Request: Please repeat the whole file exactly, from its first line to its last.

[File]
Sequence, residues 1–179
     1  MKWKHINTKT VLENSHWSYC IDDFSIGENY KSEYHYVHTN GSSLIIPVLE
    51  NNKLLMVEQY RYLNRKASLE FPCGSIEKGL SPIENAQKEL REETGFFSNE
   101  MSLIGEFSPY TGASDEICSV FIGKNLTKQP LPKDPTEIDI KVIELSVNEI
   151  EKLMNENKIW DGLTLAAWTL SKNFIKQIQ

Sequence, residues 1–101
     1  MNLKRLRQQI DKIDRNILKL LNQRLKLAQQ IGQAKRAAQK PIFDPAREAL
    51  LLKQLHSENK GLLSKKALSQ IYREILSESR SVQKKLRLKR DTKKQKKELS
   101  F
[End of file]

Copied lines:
Sequence, residues 1–179
     1  MKWKHINTKT VLENSHWSYC IDDFSIGENY KSEYHYVHTN GSSLIIPVLE
    51  NNKLLMVEQY RYLNRKASLE FPCGSIEKGL SPIENAQKEL REETGFFSNE
   101  MSLIGEFSPY TGASDEICSV FIGKNLTKQP LPKDPTEIDI KVIELSVNEI
   151  EKLMNENKIW DGLTLAAWTL SKNFIKQIQ

Sequence, residues 1–101
     1  MNLKRLRQQI DKIDRNILKL LNQRLKLAQQ IGQAKRAAQK PIFDPAREAL
    51  LLKQLHSENK GLLSKKALSQ IYREILSESR SVQKKLRLKR DTKKQKKELS
   101  F